Det tog tid för Henning Mankell att slå igenom i den engelskspråkiga världen på samma sätt som i den tyskspråkiga där han sedan lång tid tillbaka ofta legat på bestsellerlistorna. Jag minns när min gamle vän Laurie Thompson i Lampeter höll på med översättningen av Den vita lejoninnan som kom ut i England 1998. Den sålde inledningsvis ganska dåligt och inte heller de följande böckerna blev några bokhandelssuccéer.
BBC:s filmade version av några Wallanderböcker – med Kenneth Branagh i huvudrollen – har förstås bidragit till de senaste årens framgång. I USA har just The Man from Beijing mottagits av entusiastiska recensenter. I Los Angeles Times skriver Jonathan Shapiro:
Fans of Mankell’s earlier Kurt Wallander mystery series will enjoy the intellectual provocations of the new book. Part police procedural, part political manifesto, Mankell manages to wrap an erudite analysis of imperialism around an entertaining whodunit.
Not even fellow Swede Stieg Larsson has managed to pull that off…
All of which raises the question: Who is the better writer? The answer, of course, depends on your taste and mood.
Like the songs of ABBA, Larsson is sometimes insipid but never boring; like the plays of August Strindberg, Mankell is often dull but never stupid. Larsson’s books are immediately addictive and impossible to put down. Mankell’s books are an acquired taste, as catchy as a cello sonata, but filled with the kind of deep, ruminative writing that rewards concentration and patience…
Enligt Shapiro är The Man from Beijing en bok som verkligen stannar i läsarens minne:
It raises important questions about modern China and its role in the world; about the responsibility of the West, especially toward its former colonies; about the meaning of revenge. Even with its flaws, the book cements Mankell’s reputation as Sweden’s greatest living mystery writer.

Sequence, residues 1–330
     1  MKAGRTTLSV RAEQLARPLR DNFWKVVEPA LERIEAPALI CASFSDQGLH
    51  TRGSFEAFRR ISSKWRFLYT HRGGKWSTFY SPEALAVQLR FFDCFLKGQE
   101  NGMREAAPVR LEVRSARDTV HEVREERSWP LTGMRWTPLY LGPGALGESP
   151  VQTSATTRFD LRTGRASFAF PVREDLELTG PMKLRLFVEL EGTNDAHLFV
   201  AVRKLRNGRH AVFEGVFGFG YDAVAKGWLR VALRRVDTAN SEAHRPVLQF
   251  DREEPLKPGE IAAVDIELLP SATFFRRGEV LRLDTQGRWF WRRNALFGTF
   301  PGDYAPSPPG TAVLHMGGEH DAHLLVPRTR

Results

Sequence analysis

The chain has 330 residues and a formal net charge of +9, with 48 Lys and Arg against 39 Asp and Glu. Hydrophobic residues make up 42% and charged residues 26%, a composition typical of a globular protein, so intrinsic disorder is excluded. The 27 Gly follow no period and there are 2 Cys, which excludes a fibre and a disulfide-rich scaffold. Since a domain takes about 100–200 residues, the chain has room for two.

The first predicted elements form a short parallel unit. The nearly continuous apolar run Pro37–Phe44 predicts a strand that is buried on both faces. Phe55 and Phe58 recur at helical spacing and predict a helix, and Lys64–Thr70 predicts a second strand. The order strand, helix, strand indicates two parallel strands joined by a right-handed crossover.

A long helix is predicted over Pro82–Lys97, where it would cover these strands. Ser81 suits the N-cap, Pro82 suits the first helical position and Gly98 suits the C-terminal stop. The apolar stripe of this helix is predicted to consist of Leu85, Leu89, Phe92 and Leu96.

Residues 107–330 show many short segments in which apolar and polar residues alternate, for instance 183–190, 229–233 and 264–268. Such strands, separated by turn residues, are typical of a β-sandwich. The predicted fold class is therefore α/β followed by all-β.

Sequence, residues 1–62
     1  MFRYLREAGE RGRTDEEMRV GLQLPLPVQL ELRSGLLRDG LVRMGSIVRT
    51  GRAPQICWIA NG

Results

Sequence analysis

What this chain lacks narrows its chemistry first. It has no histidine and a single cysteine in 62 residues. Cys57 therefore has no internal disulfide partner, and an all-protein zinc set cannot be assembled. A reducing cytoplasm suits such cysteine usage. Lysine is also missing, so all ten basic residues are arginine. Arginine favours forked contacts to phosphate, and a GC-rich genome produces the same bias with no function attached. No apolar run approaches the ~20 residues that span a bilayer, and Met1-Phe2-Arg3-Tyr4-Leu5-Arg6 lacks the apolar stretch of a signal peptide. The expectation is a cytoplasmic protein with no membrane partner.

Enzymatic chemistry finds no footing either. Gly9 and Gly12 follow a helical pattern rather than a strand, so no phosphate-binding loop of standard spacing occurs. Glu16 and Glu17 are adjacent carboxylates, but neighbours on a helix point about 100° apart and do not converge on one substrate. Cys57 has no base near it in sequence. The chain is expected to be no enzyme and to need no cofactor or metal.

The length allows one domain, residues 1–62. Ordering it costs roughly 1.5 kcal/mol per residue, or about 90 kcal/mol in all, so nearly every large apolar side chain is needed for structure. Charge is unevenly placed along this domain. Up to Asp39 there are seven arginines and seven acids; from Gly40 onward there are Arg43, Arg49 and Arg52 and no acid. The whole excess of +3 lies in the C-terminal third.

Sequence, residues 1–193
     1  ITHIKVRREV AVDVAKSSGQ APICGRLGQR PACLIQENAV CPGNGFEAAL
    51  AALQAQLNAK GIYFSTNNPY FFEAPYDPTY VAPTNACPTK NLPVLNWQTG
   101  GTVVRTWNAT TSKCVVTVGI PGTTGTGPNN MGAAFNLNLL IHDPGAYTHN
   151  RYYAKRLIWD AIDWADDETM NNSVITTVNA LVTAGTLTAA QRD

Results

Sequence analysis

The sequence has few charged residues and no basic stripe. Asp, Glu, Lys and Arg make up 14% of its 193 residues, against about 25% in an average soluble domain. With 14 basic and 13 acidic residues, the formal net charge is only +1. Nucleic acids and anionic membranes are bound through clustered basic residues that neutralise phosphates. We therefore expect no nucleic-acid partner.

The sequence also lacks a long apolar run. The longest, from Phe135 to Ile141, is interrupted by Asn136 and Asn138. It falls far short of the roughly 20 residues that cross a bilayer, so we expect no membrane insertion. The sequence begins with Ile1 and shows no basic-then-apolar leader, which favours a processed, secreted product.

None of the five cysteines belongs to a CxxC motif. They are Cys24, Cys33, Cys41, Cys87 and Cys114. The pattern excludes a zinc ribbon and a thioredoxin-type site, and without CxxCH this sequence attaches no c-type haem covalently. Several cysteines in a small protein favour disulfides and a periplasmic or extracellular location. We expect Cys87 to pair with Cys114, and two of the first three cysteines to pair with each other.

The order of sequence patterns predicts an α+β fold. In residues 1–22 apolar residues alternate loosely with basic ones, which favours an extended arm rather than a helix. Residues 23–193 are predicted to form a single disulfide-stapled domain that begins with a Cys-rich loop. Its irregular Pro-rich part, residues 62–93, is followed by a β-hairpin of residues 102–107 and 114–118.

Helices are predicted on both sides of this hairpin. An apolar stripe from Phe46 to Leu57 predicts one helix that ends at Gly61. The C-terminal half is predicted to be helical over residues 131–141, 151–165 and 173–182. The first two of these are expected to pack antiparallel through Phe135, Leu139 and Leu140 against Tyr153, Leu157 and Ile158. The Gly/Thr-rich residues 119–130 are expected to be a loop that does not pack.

And, no, that’s not just because Larsson is dead.
Mr Wallander – a.k.a. Kenneth Branagh
Även i Wall Street Journal är recensenten Tom Nolan entusiastisk:
As unlikely as the scenario might seem, Mr. Mankell—who has been well served by translator Laurie Thompson—succeeds in transfixing the reader with a masterly balance of character sketches and pell-mell storytelling. He is entirely convincing in his depiction of ordinary people, ”absorbed in their own thoughts, their own fates,” becoming enmeshed in geopolitical intrigue.
I dagens nummer av The Guardian publiceras en lång intervju med Henning Mankell som på webbplatsens förstasida får epitetet Mr Wallander. Intervjuaren Nicholas Wroe noterar att Mankell har uppskattande läsare också utanför den vanliga kretsen av deckarentusiaster:
Michael Ondaatje claimed his works ”transcend their chosen genre to become thrilling and moral literature”. John Pilger speaks admiringly of his ”principled political life” and recalls talking enthusiastically about Mankell to Martha Gellhorn, another ”huge fan”. Not that Mankell’s worldview is to everyone’s taste. The acclaimed Scottish writer Val McDermid ”loves Nordic crime, but I find Mankell just too bloody bleak.” And it took some time, even after the Wallander books were translated into English, before he attracted a large anglophone audience. Ian Rankin remembers interviewing Mankell, who was a late addition to the Edinburgh Book Festival, after he had published just a couple of Wallander books in English. ”Only a handful of fans turned up to the event, but interestingly most of them seemed to be fellow authors. For me the baton of Swedish crime fiction was passed from Sjöwal and Wahlöö to Mankell. They charted changes in Swedish society in the 60s and 70s. Mankell does the same for more recent decades. And his own biography makes him every bit as interesting as any of his characters. It will be fascinating to see what he does post-Wallander. I’ll be looking for tips regarding my own post-Rebus writing career.”
Forstättning följer säkert. You ain’t seen nothing yet. Kolla bara på sajten Inspector-Wallander.org där den engelskspråkiga världens fans har ett forum.